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Re: High Water

PostPosted: Wed Aug 10, 2011 7:36 am
by East Side Hiker
Last weekend, I spent three days below Carson Pass. We did the Winnemucca Lk trail and back to Woods Lk (the snow field to Round Top Lk and back to Woods Lk didn't interest us). There was still a lot of snow and the creek was pumping. I can only imagine what its like on higher trails. We did have a lot of skeeters, but it was manageable. The sub-alpine is still in early bloom, so it will be in full bloom in a week or so. The alpine bloom will have to wait.

Re: High Water

PostPosted: Wed Aug 10, 2011 9:14 am
by Snow Nymph
We dayclimbed Mt Baldwin on Sunday. Normally we would start at Convict Lake, but the bridge crosssing was washed out a few years ago. I saw a photo here, I think, showing the creek on July 10 and it looked gnarly. We took a different route, starting at Laurel Lakes Road (4x4/high clearance required). Good decision going that way!

From the Sierra Wave:

"The Mono County Sheriff Search and Rescue (SAR) Team responded on August 7, 2011, to a request for aid to hikers unable to cross Convict Creek. A father was hiking out of the back country with his two teenage children when they became stranded at the trail crossing of Convict Creek due to deep and swift water. The bridge at this site between steep canyon walls was washed out some years ago, and hikers have been required to ford the creek. A hiker on the downstream side of the creek was asked to get help, and he walked out and called the Sheriff’s Department. The SAR Team was dispatched to the area, and 5 team members with swift water rescue gear staged at the Convict Lake Marina. The group was ferried across Convict Lake by boat and hiked toward the stranded party. Prior to arriving at the location, the family was found on the trail, continuing their walk out, having been assisted across by other people in the area. There were no injuries and the group declined any medical treatment."

Re: High Water

PostPosted: Wed Aug 10, 2011 3:55 pm
by gcj
A brief (and incomplete) history of Convict Creek bridges: A photo essay.

1st image shows the confluence of Convict Creek (running across from right center toward the left) and the outlet stream of Genevieve Lake (forground) in Convict Canyon. No bridge. I had to alter my plans from climbing Red Slate and/or Baldwin and opted instead to follow the stream from Genevieve. I enjoyed a lovely camp at Cloverleaf and traversed the summits of Bloody and Laurel to return to the TH.
198207.jpg


I was back two years later in 1984 to climb Baldwin. I was relieved to find a new bridge over the creek, but wait a second...
198409_a.jpg

There seems to be something wrong here...
198409_b.jpg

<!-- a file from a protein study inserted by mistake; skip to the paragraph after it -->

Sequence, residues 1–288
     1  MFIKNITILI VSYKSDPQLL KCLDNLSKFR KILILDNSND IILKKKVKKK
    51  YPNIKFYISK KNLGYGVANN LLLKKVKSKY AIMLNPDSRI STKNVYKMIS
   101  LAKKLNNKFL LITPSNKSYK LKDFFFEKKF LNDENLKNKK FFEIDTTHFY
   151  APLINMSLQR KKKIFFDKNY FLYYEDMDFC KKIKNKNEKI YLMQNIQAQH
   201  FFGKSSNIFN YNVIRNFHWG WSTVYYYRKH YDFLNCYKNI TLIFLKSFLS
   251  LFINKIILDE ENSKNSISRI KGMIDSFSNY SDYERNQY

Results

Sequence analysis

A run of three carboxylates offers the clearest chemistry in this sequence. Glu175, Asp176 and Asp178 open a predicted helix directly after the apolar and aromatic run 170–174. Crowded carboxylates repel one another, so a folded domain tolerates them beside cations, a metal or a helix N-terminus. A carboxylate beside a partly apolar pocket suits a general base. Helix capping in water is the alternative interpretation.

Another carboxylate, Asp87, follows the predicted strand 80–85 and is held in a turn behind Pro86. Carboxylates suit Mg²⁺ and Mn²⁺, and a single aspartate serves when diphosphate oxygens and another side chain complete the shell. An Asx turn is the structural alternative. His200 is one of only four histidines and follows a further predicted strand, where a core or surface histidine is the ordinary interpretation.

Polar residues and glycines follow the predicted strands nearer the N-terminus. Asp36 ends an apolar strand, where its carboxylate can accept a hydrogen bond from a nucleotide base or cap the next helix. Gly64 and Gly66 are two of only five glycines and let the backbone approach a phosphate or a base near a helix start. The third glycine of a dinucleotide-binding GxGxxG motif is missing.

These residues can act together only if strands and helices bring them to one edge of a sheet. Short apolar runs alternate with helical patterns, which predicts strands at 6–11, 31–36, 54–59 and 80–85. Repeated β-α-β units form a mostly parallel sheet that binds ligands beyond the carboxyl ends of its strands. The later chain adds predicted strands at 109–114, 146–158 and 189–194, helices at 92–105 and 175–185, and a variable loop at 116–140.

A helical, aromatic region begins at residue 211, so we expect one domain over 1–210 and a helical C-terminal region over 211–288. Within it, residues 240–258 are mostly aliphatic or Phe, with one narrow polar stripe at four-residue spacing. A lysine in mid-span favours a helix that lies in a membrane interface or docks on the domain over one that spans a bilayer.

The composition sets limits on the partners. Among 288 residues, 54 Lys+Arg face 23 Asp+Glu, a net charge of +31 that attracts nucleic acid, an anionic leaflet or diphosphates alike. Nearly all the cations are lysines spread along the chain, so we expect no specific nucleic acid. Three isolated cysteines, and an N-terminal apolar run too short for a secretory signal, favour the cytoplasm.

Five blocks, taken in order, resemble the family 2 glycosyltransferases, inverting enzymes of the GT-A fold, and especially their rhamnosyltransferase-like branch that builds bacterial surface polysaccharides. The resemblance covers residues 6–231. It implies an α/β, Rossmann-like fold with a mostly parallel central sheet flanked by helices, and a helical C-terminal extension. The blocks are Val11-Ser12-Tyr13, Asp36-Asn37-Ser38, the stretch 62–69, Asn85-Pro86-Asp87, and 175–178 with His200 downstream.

I'm not 100% sure, but I aways thought this may have been the result of an avalanche. Probably during the previous winter or spring of 1983- one of the heaviest snow packs on record.
198409_c.jpg


Fast forward another year, another trip up Convict Creek. In August, 1985, I found yet another brand new bridge with a very substantial concrete support in the middle.
198508.jpg

Okay! This one's gotta last 100 years or more (I thought). Yup, and the feds and the state will never run out of the money to build these things, right? :wink:

Re: High Water

PostPosted: Mon Sep 12, 2011 3:15 pm
by RichardK
South Fork Big Pine Creek

The log bridge about 1.8 miles up the trail was destroyed over the winter by an avalanche. You can cross at the horse crossing 30 feet downstream of the former bridge. The trail splits and short branches lead to either spot. On Labor Day, the creek was about 18 inches deep in the morning and 2 feet in the afternoon. The water force was strong enough that you needed to concentrate to maintain balance. Everyone we saw on the trail had some sort of water shoes or sandals tied to their packs.

Re: High Water

PostPosted: Thu Apr 12, 2012 4:33 pm
by East Side Hiker
Hey, been awhile.

Any high water this spring?

Re: High Water

PostPosted: Tue May 15, 2012 4:45 pm
by East Side Hiker
Its either high or low. Last year, it was low until the end of the season, then it busted. This year, its sorta the same (late snows). But the flows can't be that high this year as in a normal year. I cant say for sure because I haven't been there and seen it yet.

Why worry about it? Just be cautious and, as usual, and go for it.

Every single year, we have to deal with a different environmental condition. And we generally have a great time.

Re: High Water

PostPosted: Sun May 17, 2015 6:02 pm
by Wandering Daisy
This is a useful web page. check out the "Snowmelt Runoff Volume Forecasts"

http://cdec.water.ca.gov/rivforecasts.html

Looks like most streams are still rising, with probable peak flows between 5/24 and 6/10. Probable peak flows are the most likely 50% probability; maximum peak flows are 10% probability. A few examples.

Merced at Pohono- probable peak flows at 5/27, maximum peak flows at 6/5
Tuolumne at Don Pedro- probable 5/24 max 6/8
King at Pine Flat- probable 5/29 max6/9
Keweah at Lake Keweah- probable 5/23 max 5/31